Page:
In this expanded, 2nd edition, Tom Devonshire Jones has breathed new life into what was already an excellent resource from Peter and Linda Murray. It’s the sort of book that belongs on most everyone’s shelf, but sadly sturdy reference works such as these often struggle to find a home outside the library or scholar’s study.
I was reminded of its value when researching, of all things, birds, the phoenix in particular. And so I grabbed this review copy from my shelf and looked it up.
birds, symbolic Like animals and fish, birds have been used to carry symbolic meanings, Christian and otherwise. From pre-Christian times birds have symbolized the human soul, and many generalized birds appear in Early Christian art, especially on sarcophagi. Some birds, however, have specific connotations (sometimes contradictory) and many derive from the fanciful interpretations in the *Bestiaries.
The peacock, pelican, and phoenix are all unequivocally good. The peacock and phoenix are symbols of immortality, since the ancients believed that the flesh of the peacock was incorruptible. They appear frequently in Early Christian mosaics. The phoenix was well known to renew itself by building its own funeral pyre and rising, three days later, from its own ashes, and is therefore a symbol of the Resurrection.[pp. 64-65]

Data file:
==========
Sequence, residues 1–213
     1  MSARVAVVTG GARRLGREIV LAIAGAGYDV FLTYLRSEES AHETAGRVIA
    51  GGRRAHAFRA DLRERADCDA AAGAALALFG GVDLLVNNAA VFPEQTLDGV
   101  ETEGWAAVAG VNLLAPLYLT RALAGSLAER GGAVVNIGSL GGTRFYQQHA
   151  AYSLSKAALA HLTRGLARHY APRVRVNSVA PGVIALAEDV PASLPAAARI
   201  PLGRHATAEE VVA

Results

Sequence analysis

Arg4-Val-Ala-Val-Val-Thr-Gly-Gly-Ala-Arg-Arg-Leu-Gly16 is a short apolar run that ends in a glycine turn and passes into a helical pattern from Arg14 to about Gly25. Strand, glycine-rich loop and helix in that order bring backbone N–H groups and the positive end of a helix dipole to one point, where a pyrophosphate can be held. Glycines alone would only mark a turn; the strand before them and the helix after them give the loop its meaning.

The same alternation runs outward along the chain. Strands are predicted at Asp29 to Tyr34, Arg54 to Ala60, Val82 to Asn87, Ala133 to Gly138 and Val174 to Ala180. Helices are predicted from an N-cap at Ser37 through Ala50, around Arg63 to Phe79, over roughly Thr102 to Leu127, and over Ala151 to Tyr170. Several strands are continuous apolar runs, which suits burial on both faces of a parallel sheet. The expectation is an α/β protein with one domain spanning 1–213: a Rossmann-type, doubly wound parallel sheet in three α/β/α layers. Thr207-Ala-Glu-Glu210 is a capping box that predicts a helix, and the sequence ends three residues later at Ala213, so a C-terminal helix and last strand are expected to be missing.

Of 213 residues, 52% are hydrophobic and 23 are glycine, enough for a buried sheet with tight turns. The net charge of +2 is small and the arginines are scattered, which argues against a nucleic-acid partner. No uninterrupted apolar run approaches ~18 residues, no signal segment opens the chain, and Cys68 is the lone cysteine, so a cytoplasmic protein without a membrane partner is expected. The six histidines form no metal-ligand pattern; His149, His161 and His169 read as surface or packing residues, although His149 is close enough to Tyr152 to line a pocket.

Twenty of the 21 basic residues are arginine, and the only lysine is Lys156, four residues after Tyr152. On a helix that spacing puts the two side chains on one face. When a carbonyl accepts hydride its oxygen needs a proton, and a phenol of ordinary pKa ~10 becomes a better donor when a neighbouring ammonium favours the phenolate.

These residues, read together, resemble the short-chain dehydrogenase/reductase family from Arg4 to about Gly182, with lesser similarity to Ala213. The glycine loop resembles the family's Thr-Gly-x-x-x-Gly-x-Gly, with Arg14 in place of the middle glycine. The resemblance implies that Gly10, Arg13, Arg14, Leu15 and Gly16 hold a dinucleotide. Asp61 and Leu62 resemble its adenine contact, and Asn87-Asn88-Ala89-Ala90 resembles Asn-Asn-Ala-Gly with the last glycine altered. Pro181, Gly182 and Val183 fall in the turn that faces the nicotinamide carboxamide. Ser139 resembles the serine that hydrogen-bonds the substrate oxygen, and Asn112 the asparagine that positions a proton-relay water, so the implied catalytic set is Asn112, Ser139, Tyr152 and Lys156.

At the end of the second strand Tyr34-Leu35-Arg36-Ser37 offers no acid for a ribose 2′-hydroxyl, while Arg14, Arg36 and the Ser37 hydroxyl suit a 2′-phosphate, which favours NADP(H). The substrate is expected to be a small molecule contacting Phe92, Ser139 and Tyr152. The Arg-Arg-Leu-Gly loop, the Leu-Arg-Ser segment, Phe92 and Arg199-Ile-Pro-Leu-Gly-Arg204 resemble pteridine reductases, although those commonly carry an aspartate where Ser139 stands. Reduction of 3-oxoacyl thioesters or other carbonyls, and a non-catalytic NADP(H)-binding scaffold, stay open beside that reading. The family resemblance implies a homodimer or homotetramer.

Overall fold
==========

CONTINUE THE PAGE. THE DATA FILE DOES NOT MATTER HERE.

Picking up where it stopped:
This is but one example of the many I might cite to make a simple point: This is a book you will use for life. And unlike Wikipedia, it’s information that you can trust, and cite! But even for those who find themselves far from academia (and thus concerns having to do with citation), this is a book that might still be read with profit, whether systematically, a bit each day, or more sporadically, as the need arises.
Review by Christopher R. Brewer